Memoranda relative to the lines thrown up to cover Lisbon in 1810 (Google eBook)

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1829
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Page 108 - I was enabled to bring the enemy to a stand, and to oblige them to retire without venturing upon any attack, it is but justice to Lieutenant-Colonel Fletcher and the officers of the Royal Engineers, to draw your Lordship's attention to the ability and diligence with which they have executed the works by which these positions have been strengthened to such a degree as to render any attack upon that line occupied by the Allied Army very doubtful, if not entirely hopeless. We are indebted...
Page 119 - In the existing relative state of the Allied and French armies in the Peninsula, it does not appear probable that the enemy have it in their power to make an attack upon Portugal. They must wait for their reinforcements ; and, as the arrival of these may be expected, it remains to be considered what plan of defence shall be adopted for this country. ' The great object in Portugal is the possession of Lisbon and the Tagus, and all our measures must be directed to this object. There is another also...
Page 67 - Gretry the same ; and during the period of the French revolution, — in the short space of eight or ten years, a multitude of national songs of great musical merit...
Page 121 - Tagus, to turn the positions which might be taken up in his front on the north of that river ; to cut off from Lisbon the corps opposed to him ; and to destroy it by an attack in front and rear at the same time. This can be avoided only by the retreat of the right centre, and left of the allies, and their junction at a point at which, from the state...
Page 68 - This might be effected by means of a sunken trench, like a parallel at a siege, made to connect- a whole chain of redoubts. Such an expedient would cover infantry from the fire of guns without impeding their forward movement in line, and openings might be left for the advance of the cavalry and artillery, or they might act in masses on the flanks.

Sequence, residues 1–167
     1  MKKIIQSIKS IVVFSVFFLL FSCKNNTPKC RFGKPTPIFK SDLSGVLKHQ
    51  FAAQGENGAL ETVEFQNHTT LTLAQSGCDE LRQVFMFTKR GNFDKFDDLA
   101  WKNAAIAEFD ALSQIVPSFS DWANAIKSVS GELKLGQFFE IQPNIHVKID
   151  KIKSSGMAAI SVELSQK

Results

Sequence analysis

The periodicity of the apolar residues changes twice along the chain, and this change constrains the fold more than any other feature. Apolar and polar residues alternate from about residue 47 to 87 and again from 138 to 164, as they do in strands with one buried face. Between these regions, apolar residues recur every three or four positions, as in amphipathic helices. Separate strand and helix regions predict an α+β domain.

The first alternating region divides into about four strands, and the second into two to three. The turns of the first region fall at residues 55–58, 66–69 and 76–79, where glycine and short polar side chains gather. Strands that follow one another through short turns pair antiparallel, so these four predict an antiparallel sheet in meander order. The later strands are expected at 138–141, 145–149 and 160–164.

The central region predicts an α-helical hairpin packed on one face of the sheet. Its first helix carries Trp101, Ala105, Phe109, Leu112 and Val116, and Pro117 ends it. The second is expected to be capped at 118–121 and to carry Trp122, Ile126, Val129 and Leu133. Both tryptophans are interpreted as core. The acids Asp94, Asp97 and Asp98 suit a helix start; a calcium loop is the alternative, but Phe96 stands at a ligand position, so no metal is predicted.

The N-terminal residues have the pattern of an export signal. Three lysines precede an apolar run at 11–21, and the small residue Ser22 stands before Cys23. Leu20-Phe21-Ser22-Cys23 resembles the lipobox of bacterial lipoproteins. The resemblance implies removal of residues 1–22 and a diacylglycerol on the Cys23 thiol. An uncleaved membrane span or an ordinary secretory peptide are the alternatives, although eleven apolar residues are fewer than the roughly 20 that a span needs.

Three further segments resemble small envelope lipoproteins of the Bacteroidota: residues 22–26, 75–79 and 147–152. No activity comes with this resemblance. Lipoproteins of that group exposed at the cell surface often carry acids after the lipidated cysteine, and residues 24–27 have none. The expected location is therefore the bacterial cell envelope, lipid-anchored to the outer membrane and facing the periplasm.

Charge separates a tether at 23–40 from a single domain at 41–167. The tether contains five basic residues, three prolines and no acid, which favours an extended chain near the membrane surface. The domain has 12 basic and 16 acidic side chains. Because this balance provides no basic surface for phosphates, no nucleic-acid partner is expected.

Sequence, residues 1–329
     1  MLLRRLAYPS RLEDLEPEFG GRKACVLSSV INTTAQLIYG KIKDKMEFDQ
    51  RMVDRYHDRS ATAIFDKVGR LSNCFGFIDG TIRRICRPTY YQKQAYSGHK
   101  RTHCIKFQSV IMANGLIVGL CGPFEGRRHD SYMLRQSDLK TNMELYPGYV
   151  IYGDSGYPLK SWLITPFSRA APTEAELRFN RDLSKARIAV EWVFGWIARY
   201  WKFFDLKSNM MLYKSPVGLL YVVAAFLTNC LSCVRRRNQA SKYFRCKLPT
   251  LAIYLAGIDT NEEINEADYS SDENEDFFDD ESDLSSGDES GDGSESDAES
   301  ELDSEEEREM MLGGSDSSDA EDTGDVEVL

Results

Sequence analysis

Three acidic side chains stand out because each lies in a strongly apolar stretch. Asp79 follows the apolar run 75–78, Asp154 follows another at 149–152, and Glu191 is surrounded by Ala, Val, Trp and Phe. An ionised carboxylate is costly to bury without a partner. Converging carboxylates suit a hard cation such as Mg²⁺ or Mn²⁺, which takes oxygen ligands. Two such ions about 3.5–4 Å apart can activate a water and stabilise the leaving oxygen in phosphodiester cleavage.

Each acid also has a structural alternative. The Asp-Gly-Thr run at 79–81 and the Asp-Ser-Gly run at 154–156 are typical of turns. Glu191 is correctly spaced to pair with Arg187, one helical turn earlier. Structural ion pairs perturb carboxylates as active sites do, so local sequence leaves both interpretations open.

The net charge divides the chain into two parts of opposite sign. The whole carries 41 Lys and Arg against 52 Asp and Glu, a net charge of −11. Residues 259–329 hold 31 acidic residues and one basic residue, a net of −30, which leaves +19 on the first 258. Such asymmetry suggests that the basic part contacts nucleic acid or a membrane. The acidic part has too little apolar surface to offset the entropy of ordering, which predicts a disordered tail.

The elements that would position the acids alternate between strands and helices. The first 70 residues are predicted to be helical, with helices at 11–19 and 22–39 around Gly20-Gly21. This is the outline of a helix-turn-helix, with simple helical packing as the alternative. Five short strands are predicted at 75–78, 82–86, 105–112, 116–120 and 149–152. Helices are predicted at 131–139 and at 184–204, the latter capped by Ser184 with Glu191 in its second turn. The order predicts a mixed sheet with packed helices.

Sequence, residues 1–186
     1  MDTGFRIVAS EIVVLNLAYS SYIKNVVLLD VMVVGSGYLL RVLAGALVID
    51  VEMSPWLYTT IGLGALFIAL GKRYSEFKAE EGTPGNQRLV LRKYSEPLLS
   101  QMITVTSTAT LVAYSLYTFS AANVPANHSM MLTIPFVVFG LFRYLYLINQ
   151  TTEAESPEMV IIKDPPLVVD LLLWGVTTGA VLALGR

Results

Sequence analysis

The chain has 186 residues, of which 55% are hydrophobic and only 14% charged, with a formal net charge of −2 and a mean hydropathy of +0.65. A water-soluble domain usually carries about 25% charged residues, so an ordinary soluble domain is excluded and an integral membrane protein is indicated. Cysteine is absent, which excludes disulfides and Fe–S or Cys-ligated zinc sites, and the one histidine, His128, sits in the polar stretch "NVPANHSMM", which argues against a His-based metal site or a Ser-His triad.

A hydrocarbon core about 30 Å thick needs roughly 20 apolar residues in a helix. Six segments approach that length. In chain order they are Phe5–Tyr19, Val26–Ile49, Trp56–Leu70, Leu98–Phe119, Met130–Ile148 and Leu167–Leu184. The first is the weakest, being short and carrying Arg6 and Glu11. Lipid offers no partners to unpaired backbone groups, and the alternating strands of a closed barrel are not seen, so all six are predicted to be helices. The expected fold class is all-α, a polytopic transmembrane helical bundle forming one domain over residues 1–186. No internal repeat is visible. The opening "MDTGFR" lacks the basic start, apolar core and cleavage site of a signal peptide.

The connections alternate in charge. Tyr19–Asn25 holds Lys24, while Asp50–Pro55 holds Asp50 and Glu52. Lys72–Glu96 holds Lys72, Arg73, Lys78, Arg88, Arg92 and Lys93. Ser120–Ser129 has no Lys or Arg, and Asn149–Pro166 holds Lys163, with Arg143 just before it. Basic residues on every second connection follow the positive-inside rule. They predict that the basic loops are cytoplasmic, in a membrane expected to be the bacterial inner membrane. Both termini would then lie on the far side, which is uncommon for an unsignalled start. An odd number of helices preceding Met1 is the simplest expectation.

Page 108 - We are indebted for these advantages to Lieut. Colonel Fletcher and the officers of the Royal Engineers, among whom I must particularly mention Captain Chapman, who has given me great assistance upon various occasions.
Page 130 - Lieut. General Viscount Wellington, KB, to Captain , Royal Engineers. (Circular.) ' SIR, ' Rio Mayor, 6th October, 1810. ' I enclose a memorandum, by which you will see the manner in which I have divided into districts the country which has been fortified between the Tagus and the sea ; the objects for which this division has been made; and that you are appointed regulating officer of the district No. —. ' I likewise enclose a list of the redoubts and works in that district; stating the number...
Page 96 - ... the slope. In such situations, the eye will frequently attain an object which the gun on its lower level will not. PALISADES. — The palisades in the ditches were mostly young fir-trees from 4 to 5 inches in diameter, roughly pointed, and fixed 3 or 4 feet into the ground, with a riband very low down, and, when the ditches were broad, much nearer the counterscarp than the scarp. In the last campaign...
Page 130 - No. is to arrange the troops in their several stations when they will be sent into the district to occupy the redoubts, to take charge of the mines intended to blow up the roads and bridges, and to carry my orders in the district into execution till an officer to command the troops within it will be appointed. You are then to assist him in making his arrangements as one of his staff, and in the defence of his post, with your professional abilities. " (Signed) WELLINGTON. "Captain , Royal Engineers.
Page 176 - I am happy to have it in my power to Say that my worthy friend Cap! Lewis is recovering fast, he walked a little to day for the first time, I have discontinued the tent in the hole the ball came out...

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